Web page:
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September 28, 2021

FEAD feedback to the Platform on Sustainable Finance on preliminary recommendations for technical screening criteria for the EU taxonomy (2nd Delegated Act)

FEAD, the European Waste Management Association, representing the private waste and resource management industry across Europe, welcomes the opportunity to comment on the Call for feedback by the Platform on Sustainable Finance on preliminary recommendations for technical screening criteria for the EU taxonomy (2nd Delegated Act). FEAD has reviewed the draft report and given its comments on Chapter 13 of the Annex, dedicated to waste management, especially regarding the inclusion of waste-to-Energy activities as well as other specific issues.

Waste-to-Energy

The classification introduced by the EU Taxonomy is essential for the waste management sector and represents a decisive mechanism for circularity. FEAD deems it crucial that waste-to-energy from residual, non-hazardous waste is included under defined conditions amongst the environmentally sustainable activities in the 2nd Delegated Act as it contributes to the achievement of the EU Taxonomy objectives. Furthermore, FEAD insists on the need for its proposition for eligibility, which was overlooked in the draft report.

From a legal perspective, a clear distinction should be made between incineration and waste-to-energy activities. The first one is a disposal activity and the latter one a waste recovery activity (R1), falling as such, under different sections of the waste hierarchy.

Waste-to-energy plays an essential role in circularity, as it moves up the waste hierarchy by avoiding waste disposal (landfilling essentially) and by being a key complement to more recycling. Waste-to-energy activities are not a competitor nor an alternative to recycling, but a complementary process to ensure the safe treatment of non-recyclable residual waste, be it from municipal or from industrial and commercial origin.

In addition, waste-to-energy plants provide energy in the form of electricity and heat (to both district heating and industries), which entails significant CO2 savings compared to electricity produced by fossil fuel combustion. [1] The current stringent and legally binding requirements for emissions control and energy efficiency, ensure that these plants operate in full alignment with European legislation.

For these reasons, energy recovery from residual non-hazardous waste should be fully recognized in a dedicated section as an activity substantially contributing to (a transition to) a circular economy, provided that the following conditions are cumulatively and rigorously met:

  • There is a waste management plan in the given country;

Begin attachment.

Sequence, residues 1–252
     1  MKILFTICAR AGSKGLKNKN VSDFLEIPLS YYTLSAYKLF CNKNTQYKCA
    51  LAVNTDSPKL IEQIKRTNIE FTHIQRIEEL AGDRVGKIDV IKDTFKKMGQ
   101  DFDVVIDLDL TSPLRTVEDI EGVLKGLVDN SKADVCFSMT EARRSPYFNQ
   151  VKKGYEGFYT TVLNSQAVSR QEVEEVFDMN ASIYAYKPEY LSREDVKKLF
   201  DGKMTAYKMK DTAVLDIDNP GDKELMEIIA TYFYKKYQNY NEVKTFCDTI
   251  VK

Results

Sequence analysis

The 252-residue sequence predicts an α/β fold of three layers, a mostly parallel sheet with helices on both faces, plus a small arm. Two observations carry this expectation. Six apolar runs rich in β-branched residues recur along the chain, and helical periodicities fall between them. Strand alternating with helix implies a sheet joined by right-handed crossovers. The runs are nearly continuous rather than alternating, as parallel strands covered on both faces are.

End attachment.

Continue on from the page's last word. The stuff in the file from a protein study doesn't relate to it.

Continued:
• Only residual waste, resulting from selective collection or sorting, is subject to energy recovery under application of the R1 Formula;
  • The CCS/CCU feasibility is examined.

Further Issues

On other aspects of the preliminary recommendations for technical screening criteria for the EU taxonomy (2nd Delegated Act), FEAD notes that:

  • Options that deliver the best overall environmental outcome should be considered:
    • Chapter 13.1: Generally speaking, collecting separate waste fractions allows for quality recycling, and needs to be promoted through the Taxonomy. FEAD would nevertheless recommend the Platform not to pre-empt the results of the study conducted by the JRC on selective collection schemes, which is expected at the end of 2022.
    • Chapter 13.3: Disposal is the least desirable treatment option under the waste hierarchy. However, in certain cases, safe disposal is the option that delivers the best overall environmental outcome when considering the goal for a toxic-free environment. For instance, safe disposal options may prevent the leaking of hazardous substances into the environment and the recycling of legacy substances.
  • Not all hazardous waste reception facilities have their own laboratories on-site and should therefore not be required in the acceptance procedures of such waste streams (Chapter 13.3). As an alternative, certified external laboratories[2] are used to analyse samples of the hazardous waste received. This does not compromise strict routines and acceptance procedures.
  • Investments in recycling salts and minerals from fly ashes reduce waste volumes for disposal, thus, positively contributing to the achievement of a circular society. For this reason, they should not be excluded from the technical screening criteria for material recovery operations of hazardous waste (Chapter 13.4).

[1] A study by CEWEP shows that there will be 142 Mt residual in 2035, whose treatment in R1 W-to-E will save 119 Mt CO2/year.

[2] Laboratories routinely available at another site, according to the Best Available Techniques (BAT) Reference Document for Waste Treatment.

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